Campers at the Midland School were forced indoors on Tuesday after police alerted camp staff of multiple coyote sightings in the surrounding area.
Rye Police Commissioner William Connors said police received reports of about eight coyote sightings on Tuesday. One coyote sighting occurred near Forest Avenue and the animal appeared to head north and was spotted in the vicinity of Midland School, where the Rye Recreation department hosts one of several summer camps.
Connors said officers went to both the Midland School and Milton School camps to alert camp staff and respond to sightings in the area. He said officers had coyotes in sight, but were unable to take a shot at the animals in a safe area.
No coyotes came onto campgrounds, according to Sally Rogol, Rye Recreation's superintendent.
"We took precautions that were necessary to keep children away from the perimeter of the area [where the sightings were reported]," Rogol said.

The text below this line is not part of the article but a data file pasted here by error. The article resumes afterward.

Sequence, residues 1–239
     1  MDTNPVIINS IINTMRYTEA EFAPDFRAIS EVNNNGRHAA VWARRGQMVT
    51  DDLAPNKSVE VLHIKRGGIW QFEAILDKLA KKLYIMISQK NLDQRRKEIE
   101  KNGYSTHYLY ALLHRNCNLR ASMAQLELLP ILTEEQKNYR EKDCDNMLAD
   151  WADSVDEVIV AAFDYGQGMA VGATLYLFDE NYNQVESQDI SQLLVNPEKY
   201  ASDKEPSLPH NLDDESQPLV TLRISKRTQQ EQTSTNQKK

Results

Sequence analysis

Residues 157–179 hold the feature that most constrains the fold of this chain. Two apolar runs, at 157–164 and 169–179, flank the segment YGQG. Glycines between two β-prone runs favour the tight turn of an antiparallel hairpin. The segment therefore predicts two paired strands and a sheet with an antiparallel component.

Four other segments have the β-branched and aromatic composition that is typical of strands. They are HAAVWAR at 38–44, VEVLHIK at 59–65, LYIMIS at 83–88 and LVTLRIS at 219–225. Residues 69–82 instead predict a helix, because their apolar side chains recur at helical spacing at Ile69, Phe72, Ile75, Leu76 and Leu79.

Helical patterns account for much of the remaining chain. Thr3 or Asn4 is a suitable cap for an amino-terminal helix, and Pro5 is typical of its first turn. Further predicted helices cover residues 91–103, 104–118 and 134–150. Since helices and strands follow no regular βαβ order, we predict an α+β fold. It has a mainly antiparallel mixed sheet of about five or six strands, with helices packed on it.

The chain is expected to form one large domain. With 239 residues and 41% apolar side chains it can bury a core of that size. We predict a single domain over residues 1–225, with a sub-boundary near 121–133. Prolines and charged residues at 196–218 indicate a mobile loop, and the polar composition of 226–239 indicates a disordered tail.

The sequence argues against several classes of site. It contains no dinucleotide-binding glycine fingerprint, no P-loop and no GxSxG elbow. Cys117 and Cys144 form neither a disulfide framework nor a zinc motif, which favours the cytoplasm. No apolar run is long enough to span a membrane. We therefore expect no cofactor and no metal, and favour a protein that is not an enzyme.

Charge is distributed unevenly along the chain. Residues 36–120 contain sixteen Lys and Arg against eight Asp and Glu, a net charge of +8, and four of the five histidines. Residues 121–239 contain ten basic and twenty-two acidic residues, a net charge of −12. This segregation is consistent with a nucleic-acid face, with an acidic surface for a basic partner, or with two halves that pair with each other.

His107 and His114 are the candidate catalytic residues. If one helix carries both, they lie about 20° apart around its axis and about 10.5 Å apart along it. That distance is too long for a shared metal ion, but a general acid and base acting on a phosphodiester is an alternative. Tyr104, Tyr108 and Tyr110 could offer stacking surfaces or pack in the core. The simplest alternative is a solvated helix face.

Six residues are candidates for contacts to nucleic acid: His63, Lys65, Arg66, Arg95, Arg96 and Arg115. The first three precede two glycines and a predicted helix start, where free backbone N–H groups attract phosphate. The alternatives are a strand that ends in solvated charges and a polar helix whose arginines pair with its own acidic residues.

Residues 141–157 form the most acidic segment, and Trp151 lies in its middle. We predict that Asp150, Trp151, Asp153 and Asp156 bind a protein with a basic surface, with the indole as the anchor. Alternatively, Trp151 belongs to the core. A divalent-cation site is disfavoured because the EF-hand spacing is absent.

Rogol said campers were taken indoors after police alerted Rye Recreation about the sightings. She said campers are back outdoors this week, and that counselors have had air horns, a device used to scare away coyotes, since the first day of camp.
The camp will respond accordingly to protect kids' safety, possibly taking them indoors, if there are more sightings in the area, Rogol said.
Two coyote attacks in June have made the Rye community and local summer camps more vigilant. Other local camps have reacted to the attacks by arming their counselors with tools to scare coyotes. At the YMCA camp at the Osborn School counselors have whistles to not only deter coyotes, but to alert other camp staff there may be a problem, according to Gregg Howells, executive director of the Rye YMCA. Campers have also been told that if they see any animal that resembles a dog near the campgrounds, they should immediately tell their counselors.
Connors said police are continuously responding to reported sightings, and one officer on each day and evening shift has been assigned to respond to these incidents.
"We're chasing them and responding to the sightings. The trapping efforts are still going forward, but they're incredibly elusive animals," Connors said.